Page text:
DC Water provides retail drinking water and wastewater service to over 600,000 residents. DC Water also provides wholesale finished water to adjacent water retailers in Maryland and Virginia. The term aging infrastructure might very well have been created in the District of Columbia. The average age of water mains in DC Water date back to the Franklin D. Roosevelt administration. The oldest water and sewer lines predate the U.S. Civil War. DC Water projects more than 50 years of system maintenance to keep pace. Average customers don’t see this. They only see service interruptions and bills. With a distribution system averaging nearly 80 years old, an increasingly stringent regulatory environment, increased energy costs and hard budgetary constraints, DC Water must invest its resources assiduously.
For example, DC Water uses IBM software to manage the District of Columbia’s fire hydrants. The actual inspections on the hydrants are performed by the fire department, but the maintenance responsibility lies with DC Water. To improve this feedback loop, DC Water created a form within IBM software’s mobile inspection app to automate the data collection during fire hydrant inspections, making this tool available to the fire department. Through better data and improved feedback, DC Water was able to promptly address issues with any fire hydrants, improving public safety. Next DC Water turned to analyzing the data. What hydrants had issues? What were the problems? Through advanced analytics DC Water was able to make aggregate comparisons of specific hydrant models and select options that delivered the best enhanced life cycle.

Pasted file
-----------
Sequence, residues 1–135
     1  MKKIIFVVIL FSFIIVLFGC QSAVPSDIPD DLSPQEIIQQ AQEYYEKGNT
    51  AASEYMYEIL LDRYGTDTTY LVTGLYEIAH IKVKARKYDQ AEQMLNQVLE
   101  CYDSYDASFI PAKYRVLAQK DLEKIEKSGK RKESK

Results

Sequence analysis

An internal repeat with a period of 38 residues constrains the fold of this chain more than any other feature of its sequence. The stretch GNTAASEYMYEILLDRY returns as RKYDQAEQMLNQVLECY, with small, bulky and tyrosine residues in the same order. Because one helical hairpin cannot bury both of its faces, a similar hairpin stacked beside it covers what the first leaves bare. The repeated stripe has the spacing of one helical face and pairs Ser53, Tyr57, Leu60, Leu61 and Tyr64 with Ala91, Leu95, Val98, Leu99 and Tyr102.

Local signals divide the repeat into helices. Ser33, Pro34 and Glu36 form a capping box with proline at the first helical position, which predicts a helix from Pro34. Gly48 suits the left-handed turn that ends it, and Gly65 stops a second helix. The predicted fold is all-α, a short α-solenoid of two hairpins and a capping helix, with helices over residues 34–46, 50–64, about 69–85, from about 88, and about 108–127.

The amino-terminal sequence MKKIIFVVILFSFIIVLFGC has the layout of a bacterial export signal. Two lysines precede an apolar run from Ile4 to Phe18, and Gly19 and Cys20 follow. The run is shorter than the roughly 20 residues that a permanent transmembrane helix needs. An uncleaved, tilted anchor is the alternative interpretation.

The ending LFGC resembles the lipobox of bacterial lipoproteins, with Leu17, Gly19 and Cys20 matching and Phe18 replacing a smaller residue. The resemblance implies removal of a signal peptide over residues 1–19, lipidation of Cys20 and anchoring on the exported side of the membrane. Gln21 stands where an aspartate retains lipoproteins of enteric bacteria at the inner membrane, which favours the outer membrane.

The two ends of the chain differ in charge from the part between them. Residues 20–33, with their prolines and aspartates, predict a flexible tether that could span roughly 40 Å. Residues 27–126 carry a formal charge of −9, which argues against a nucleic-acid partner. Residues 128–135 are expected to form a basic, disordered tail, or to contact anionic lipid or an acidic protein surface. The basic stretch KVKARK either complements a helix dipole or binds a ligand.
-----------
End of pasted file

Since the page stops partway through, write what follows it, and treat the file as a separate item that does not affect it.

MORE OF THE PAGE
“Our goal was to help DC Water modernize its water infrastructure as quickly and efficiently as possible,” says Ron Wallace, product marketing manager for IBM Maximo. “IBM helped DC Water move its maintenance program from paper to digital geographic data, allowing the department to leverage analytics to quickly identify, respond to and repair leakage problems across DC’s aging infrastructure.”
DC Water also uses IBM’s software to merge lower-priority backlog work into critical, high-priority repairs. This allows DC Water to optimize repair schedules, resolving the critical repairs while adding in other, less urgent repairs that are proximate to the high-priority repairs.